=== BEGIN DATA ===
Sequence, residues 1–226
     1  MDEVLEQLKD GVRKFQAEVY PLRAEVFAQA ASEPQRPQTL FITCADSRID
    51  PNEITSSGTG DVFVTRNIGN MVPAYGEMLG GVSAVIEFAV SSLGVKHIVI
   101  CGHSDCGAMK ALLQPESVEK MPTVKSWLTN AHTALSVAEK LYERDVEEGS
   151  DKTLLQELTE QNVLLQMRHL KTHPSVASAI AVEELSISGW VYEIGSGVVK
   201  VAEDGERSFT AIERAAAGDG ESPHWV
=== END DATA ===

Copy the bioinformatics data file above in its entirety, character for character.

Sequence, residues 1–226
     1  MDEVLEQLKD GVRKFQAEVY PLRAEVFAQA ASEPQRPQTL FITCADSRID
    51  PNEITSSGTG DVFVTRNIGN MVPAYGEMLG GVSAVIEFAV SSLGVKHIVI
   101  CGHSDCGAMK ALLQPESVEK MPTVKSWLTN AHTALSVAEK LYERDVEEGS
   151  DKTLLQELTE QNVLLQMRHL KTHPSVASAI AVEELSISGW VYEIGSGVVK
   201  VAEDGERSFT AIERAAAGDG ESPHWV